Invasive Species in Your Own Backyard

Invasive species don’t care about property lines, especially yours. Learn about how invasive species can take over your yard and how to spot a potential invader. 

tree of heaven
Tree of heaven (Ailanthus altissima).

What is an invasive species?

Invasive species are a subcategory within non-native species. Non-native species do not naturally occur in an area and are introduced to the environment from human activity. What causes a non-native species to gain the title of an invasive species is that they take advantage of having no natural enemies in their ecosystem, which allows them to spread and consume resources at an uncontrolled pace. Their presence in this habitat can cause chaos within the system, harming or killing native species, which are supposed to be there. 

Invasive plant species are a growing problem in the Piedmont region. They can be found along roadsides, in local parks and even in your own backyard. These plants can be vines, trees, flowers, and grasses, all of which have unique characteristics that help thrive in non-native habitats. Without the proper checks and balances of natural predators and climatic conditions, invasive species quickly become dominant.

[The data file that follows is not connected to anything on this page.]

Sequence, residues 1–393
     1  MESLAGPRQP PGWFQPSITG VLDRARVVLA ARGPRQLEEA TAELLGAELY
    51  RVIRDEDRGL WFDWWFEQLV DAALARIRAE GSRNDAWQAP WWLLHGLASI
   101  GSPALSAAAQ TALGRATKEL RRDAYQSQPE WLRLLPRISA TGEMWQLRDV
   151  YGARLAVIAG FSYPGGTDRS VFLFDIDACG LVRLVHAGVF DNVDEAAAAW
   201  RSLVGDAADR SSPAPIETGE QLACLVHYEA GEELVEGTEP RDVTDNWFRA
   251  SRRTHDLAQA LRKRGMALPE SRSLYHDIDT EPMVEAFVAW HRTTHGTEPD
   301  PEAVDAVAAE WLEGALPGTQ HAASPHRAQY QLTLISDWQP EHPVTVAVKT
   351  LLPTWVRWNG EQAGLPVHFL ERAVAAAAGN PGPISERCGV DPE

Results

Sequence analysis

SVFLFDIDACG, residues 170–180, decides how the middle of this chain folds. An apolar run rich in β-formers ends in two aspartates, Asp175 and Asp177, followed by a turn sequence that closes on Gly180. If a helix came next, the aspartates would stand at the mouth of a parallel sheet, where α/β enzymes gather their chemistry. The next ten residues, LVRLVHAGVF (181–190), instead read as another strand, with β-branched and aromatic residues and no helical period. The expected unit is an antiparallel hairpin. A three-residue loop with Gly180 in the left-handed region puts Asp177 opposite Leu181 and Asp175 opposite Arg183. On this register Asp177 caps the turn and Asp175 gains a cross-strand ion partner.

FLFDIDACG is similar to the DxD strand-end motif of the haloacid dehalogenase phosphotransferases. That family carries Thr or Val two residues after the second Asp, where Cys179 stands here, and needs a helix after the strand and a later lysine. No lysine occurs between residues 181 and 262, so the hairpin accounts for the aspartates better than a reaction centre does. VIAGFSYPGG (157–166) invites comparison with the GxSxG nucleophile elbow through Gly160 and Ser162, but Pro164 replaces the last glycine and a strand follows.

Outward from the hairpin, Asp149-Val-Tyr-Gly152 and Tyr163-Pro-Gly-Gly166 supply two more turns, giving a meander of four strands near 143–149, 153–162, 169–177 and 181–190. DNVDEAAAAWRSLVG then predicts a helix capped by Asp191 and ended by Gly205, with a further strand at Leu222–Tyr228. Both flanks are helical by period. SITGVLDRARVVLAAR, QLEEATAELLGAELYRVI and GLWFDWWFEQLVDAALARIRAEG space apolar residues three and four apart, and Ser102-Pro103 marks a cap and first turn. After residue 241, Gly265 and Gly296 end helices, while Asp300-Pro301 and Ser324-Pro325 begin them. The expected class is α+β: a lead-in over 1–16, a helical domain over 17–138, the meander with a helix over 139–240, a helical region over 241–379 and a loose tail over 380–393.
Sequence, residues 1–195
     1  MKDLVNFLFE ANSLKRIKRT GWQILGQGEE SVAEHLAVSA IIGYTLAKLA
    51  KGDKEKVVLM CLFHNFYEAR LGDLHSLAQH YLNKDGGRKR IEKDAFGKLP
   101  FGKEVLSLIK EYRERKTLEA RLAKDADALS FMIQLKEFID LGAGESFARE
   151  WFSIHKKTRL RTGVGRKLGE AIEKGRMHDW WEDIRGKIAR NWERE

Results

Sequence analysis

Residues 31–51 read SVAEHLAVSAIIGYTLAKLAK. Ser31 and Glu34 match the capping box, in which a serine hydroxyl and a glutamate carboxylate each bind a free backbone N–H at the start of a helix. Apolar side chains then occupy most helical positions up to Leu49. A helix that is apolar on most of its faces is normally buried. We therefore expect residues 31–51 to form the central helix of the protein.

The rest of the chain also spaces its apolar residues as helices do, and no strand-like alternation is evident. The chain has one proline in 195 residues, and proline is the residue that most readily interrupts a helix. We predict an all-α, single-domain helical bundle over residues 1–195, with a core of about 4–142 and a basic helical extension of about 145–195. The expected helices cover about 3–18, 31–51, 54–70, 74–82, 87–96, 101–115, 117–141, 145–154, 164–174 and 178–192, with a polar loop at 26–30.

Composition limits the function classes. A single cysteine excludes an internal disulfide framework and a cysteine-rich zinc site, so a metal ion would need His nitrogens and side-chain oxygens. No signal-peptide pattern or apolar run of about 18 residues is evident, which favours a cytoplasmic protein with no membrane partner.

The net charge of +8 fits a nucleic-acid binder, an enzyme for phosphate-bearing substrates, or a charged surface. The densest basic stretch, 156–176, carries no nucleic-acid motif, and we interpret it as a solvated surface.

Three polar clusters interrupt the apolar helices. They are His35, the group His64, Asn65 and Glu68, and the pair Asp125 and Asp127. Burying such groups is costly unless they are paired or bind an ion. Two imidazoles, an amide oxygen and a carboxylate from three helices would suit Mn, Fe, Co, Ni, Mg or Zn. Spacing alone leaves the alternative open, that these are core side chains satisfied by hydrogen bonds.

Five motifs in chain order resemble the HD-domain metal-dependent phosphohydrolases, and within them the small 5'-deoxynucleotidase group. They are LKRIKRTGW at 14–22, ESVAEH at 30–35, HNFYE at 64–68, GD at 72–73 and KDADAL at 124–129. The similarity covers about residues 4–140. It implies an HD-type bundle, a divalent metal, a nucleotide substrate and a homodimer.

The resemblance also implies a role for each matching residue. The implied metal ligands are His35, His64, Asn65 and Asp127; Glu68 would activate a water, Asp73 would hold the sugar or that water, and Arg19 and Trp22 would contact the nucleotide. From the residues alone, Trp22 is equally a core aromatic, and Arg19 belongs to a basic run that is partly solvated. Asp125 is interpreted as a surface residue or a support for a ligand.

The ways in which invasive plants assert their dominance over native plants is what makes them so problematic. This can include starving other plants, adding stress to native species’ habitat, producing toxins, and smothering. If you notice other plants in your garden are struggling to survive, they may be in competition with invasives.

Identifying invasive plants

While there isn’t a universal characteristic or attribute common to all invasive plant species, there are some telltale signs you can look for to help regulate biodiversity in your own backyard. These traits can clue you into whether your yard is under invasion:

  • Early greening after winter
  • Longer growing season
  • Fast spreading
  • Growing in peculiar or less common places

While identifying invasive species can be difficult to the untrained eye, there are plenty of resources available to improve your plant identification skills.  Once you get to know a handful of species, it becomes easier to recognize other invasives you encounter. 

Common invasive species in the Piedmont

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Click through to familiarize yourself with some common invasives species.


There are several apps, such as iNaturalist, that can identify plants through your phone camera.

The Virginia Department of Conservation and Recreation (VDCR) has several resources for further research including a list of invasive species in Virginia, easily accessible on their website.

The Blue Ridge PRISM website also contains information regarding invasive species identification and workshops to help improve individual knowledge about the topic.

The Piedmont Environmental Council also has some articles and resources about invasive plants.

The National Wildlife Foundation has more information about what defines an invasive species and the threats to the environment they generate.